After completion of axial extension, the parison is fully expanded to conform to the configuration of finishing, i.e., second mold 23, to form the final object 40 which, in the embodiment illustrated herein, is an open-ended container. Naturally, a wide variety of shapes may be prepared as the commercially known shapes which may be a bottle, a jar or a cup-shape. Full expansion is accomplished by supplying fluid under pressure through passageway 38 into the interior of axially extended parison 29, or at times and at various rates, into the interior of the parison while it is being extended.
After full expansion is completed, second core 30 and second mold 23 containing final object 40 are separated as described hereinabove with reference to first core 15 and first mold 22. The second core is moved axially, laterally and axially, which positions the second core in the first mold 22 and at the same time positions removal core 41 in finished article 40 for removal of same after the finished article has cooled sufficiently for that purpose.
In the embodiment illustrated herein, finishing mold 23 is longitudinally split into two sections labeled 42 and 43, which may reciprocate in and out of communication by an actuating means, not shown, such as for example a hydraulic cylinder. Thus, sections 42 and 43 may be parted an amount sufficient to permit the removal of article 40 by core 41 which may be inserted into the neck thereof with a tight fit. Prior to such opening of mold 23 and removal, fluid pressure may be applied through passageway 46 to continue the blowing process, if desired, in cases requiring continued contact of article 40 with second mold 23 for the purpose of extended cooling. Alternatively, passageway 46 may be utilized to continue to supply cooling air to the inside of the finished article, or to apply suction to the inside of the finished article to aid in retaining same thereon.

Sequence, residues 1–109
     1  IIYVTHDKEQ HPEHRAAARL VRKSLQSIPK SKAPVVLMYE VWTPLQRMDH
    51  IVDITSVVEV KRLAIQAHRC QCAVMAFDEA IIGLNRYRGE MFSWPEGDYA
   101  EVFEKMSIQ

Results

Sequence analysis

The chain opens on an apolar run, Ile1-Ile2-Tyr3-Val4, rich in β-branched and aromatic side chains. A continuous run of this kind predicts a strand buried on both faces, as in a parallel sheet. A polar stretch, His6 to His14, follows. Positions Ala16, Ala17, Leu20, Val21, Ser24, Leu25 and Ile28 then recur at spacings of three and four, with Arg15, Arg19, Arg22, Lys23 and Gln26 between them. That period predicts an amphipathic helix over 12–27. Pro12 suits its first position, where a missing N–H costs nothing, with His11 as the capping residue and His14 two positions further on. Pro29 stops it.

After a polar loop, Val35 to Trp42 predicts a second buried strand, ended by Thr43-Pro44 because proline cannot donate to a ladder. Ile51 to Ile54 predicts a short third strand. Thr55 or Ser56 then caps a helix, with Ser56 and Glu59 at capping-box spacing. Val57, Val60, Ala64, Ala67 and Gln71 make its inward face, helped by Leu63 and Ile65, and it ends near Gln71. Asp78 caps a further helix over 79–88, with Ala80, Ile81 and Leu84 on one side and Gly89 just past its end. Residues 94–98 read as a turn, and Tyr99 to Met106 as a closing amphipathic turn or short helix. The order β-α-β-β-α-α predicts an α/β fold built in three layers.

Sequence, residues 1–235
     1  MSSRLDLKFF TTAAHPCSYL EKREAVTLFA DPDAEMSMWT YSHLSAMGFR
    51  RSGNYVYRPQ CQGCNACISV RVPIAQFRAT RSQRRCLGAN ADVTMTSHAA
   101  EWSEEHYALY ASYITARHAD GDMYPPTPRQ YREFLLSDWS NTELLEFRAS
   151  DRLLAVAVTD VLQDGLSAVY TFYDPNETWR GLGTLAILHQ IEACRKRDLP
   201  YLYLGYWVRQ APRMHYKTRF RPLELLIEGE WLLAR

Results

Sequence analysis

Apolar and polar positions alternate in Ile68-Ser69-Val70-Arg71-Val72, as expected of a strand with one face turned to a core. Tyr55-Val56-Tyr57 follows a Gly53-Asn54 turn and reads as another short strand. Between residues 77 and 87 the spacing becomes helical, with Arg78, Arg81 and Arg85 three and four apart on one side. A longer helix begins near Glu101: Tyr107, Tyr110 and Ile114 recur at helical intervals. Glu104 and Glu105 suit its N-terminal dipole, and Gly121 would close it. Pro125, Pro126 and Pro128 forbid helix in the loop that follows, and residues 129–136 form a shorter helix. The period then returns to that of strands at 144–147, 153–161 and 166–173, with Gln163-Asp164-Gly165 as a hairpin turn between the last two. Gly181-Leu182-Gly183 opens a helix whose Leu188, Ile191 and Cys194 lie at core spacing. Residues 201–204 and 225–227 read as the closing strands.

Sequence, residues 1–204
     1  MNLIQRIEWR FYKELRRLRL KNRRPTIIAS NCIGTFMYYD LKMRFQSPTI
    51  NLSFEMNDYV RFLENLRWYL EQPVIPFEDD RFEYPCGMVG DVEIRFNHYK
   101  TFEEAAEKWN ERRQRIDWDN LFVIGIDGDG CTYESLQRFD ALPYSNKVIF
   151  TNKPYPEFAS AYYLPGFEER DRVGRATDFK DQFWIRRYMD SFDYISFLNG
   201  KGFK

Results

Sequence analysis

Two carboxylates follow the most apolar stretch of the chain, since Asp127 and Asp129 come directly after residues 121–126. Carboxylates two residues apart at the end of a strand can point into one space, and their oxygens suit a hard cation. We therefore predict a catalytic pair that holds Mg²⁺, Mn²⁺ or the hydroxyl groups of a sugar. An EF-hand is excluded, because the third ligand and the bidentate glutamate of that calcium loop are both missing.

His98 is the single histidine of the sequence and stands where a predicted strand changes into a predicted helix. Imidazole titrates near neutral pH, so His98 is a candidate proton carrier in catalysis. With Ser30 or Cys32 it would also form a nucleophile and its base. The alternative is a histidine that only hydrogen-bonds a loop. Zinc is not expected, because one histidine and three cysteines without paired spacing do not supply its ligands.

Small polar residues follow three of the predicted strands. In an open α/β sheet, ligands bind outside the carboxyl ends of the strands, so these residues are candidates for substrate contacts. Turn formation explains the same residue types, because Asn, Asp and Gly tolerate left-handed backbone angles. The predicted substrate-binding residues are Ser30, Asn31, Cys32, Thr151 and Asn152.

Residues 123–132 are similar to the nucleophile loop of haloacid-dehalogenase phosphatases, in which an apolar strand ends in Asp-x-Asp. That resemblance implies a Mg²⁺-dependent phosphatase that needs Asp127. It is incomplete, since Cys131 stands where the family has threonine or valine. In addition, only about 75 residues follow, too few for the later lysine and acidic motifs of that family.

It is well known that in injection molding it is desirable to minimize the length over which molten plastic is made to flow and also to group individual cavities in injection multi-cavity molds so as to minimize the platen space which helps accuracy in molding due to the reduced hazard of deflecting the support structure of the mold under the great forces of injection. FIGS. 4 and 5 show the apparatus and method of the present invention which operates in accordance with the procedure and apparatus of FIGS. 1, 2 and 3 including a plurality of first cores 115 in spaced relationship to each other carried by a common carrying means 119 and a plurality of first molds 122 in spaced relationship to each other carried by a common carrying means such as plate 150, a plurality of second cores 130 in spaced relationship to each other carried by a common carrying means 131 and a plurality of blow molds 123 in spaced relationship to each other. Naturally, all molds may be split for convenience of article or parison removal. As shown in FIG. 4, a plurality of parisons are formed in parison mold 110 wherein a plurality of cavities 111 are arranged in a row cooperating with first cores 115 carried on common carrying means or support plate 119. The parison mold 110 cooperates with injection unti 114 through which molten plastic is injected through channel 113 distributed by runner 113a. The spacing between cavities 111 corresponds to the dimensions of the parisons. Accordingly, the spacing of the first cores 115 carried by common carrying means 119 also corresponds to the dimensions of the parisons, or corresponds to the first center spacing.
However, hollow articles to be made from parisons are frequently much larger than the parisons and hence cannot be accommodated with the same center spacing as the parisons. For example, the parison for a large bottle may have a diameter of approximately 11/2 inches, while the bottle made from the parison may measure 4 inches in diameter. As seen in FIG. 4, blow molds 123 have a different or second center spacing than parison dies 111 and first cores 115. Similarly, second cores 130 must have a center spacing corresponding to the second or blow mold center spacing for placement of the parisons in the blow molds for final processing.